Korea Supply Co. v. Lockheed Martin Corp., 29 Cal. 4th 1134 (2003)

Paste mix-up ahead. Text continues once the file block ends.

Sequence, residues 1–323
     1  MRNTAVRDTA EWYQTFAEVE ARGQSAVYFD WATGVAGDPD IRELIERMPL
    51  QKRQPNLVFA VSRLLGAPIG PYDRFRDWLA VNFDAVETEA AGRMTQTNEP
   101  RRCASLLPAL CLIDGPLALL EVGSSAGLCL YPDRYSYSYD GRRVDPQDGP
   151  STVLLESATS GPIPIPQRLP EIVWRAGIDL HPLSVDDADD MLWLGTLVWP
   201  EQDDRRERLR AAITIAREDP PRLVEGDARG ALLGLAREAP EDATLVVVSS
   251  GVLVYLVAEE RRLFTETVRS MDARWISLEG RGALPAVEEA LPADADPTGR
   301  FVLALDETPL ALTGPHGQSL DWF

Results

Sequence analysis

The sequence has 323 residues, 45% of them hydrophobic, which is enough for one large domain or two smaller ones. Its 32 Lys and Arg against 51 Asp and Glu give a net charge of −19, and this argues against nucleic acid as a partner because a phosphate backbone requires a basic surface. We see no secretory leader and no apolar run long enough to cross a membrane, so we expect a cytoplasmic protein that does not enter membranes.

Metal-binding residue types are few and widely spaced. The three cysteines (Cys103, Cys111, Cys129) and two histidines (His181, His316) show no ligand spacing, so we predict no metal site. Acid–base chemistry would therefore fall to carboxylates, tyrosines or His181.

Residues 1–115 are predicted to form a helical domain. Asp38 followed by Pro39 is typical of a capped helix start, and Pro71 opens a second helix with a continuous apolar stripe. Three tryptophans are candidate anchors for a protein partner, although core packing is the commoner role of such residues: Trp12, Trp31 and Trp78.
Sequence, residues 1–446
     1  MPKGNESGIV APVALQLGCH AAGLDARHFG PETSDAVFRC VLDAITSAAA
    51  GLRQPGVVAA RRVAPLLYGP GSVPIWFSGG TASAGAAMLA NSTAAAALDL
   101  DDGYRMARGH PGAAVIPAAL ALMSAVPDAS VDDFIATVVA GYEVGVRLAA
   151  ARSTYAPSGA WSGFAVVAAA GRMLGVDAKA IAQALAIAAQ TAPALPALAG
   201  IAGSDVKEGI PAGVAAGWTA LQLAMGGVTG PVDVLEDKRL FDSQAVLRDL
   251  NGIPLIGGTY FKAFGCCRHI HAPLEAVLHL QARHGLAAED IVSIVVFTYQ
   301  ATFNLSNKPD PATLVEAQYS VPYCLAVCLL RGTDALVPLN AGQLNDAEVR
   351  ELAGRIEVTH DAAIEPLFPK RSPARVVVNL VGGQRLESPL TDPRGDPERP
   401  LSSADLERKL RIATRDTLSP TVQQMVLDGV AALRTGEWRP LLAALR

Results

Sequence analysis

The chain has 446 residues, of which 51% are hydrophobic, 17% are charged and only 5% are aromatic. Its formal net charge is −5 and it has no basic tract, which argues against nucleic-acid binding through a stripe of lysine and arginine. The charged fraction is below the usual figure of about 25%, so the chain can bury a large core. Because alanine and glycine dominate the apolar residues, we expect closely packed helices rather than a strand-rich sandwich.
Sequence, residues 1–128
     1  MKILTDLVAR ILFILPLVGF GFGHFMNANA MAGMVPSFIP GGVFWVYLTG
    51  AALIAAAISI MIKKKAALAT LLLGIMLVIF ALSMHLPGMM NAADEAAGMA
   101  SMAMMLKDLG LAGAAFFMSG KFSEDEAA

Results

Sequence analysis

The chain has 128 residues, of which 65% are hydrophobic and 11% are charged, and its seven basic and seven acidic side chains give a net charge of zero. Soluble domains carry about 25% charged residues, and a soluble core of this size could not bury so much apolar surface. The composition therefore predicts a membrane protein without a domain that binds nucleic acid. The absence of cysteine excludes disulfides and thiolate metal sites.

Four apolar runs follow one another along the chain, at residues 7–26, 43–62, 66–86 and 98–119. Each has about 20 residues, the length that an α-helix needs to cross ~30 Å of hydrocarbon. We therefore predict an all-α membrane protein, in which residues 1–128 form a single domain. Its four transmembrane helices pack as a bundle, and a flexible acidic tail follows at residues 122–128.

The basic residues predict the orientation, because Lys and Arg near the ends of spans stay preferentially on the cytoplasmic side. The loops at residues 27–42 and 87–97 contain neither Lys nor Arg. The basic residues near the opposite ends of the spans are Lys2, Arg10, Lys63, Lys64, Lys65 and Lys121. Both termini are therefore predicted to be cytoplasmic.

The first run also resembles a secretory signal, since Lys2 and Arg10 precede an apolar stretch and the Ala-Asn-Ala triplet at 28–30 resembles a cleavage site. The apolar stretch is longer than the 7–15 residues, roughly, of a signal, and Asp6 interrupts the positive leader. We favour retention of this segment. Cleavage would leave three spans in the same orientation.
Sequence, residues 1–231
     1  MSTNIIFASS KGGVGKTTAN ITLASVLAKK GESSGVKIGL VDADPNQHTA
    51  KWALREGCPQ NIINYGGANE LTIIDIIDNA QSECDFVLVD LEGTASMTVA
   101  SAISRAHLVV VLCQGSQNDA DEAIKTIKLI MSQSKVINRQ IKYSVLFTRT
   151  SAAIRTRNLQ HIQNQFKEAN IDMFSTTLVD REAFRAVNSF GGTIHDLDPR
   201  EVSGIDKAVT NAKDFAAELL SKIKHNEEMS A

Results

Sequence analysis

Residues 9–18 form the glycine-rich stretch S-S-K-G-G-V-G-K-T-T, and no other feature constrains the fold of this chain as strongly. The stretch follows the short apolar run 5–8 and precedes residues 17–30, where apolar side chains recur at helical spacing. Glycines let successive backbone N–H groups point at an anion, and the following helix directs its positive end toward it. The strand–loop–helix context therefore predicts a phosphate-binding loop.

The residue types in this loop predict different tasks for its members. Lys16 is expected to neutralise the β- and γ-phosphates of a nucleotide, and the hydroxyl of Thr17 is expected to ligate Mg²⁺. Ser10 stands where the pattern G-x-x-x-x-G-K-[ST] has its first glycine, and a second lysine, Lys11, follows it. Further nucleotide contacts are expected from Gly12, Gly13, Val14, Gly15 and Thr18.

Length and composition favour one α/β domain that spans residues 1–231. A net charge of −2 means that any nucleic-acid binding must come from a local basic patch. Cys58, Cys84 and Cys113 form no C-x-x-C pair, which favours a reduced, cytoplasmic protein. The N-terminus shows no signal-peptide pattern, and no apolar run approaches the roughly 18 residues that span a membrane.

Korea Supply Company (KSC) sued Lockheed Martin for violation of California‘s Unfair Competition Law (UCL) and for interference with prospective economic relations after Lockheed Martin’s predecessor, Loral Corporation, was awarded a contract to provide military equipment to the Republic of Korea. KSC alleged that the contract was awarded to Loral because Loral had offered bribes and sexual favors to key Korean officials. KSC sought disgorgement of the profits that Lockheed Martin realized on the sale to Korea as well as the amount of the expected commission KSC would have earned if its client had been awarded the contract instead of Loral. The California Supreme Court reversed the judgment of the Court of Appeal and held that KSC could not recover Lockheed Martin’s profits by way of the UCL claim because “disgorgement of money obtained through an unfair business practice is an available remedy…only to the extent that it constitutes restitution.” Since KSC never had an ownership interest in Lockheed Martin’s profits, it was not entitled to restitution under the UCL. However, the Supreme Court affirmed the Court of Appeal’s judgment upholding the tortious interference claim on the ground that KSC needed only to allege that Lockheed Martin knew that the interference was certain or substantially certain to occur as a result of its actions – a specific intent to disrupt KSC’s prospective business relationship with Korea was not required.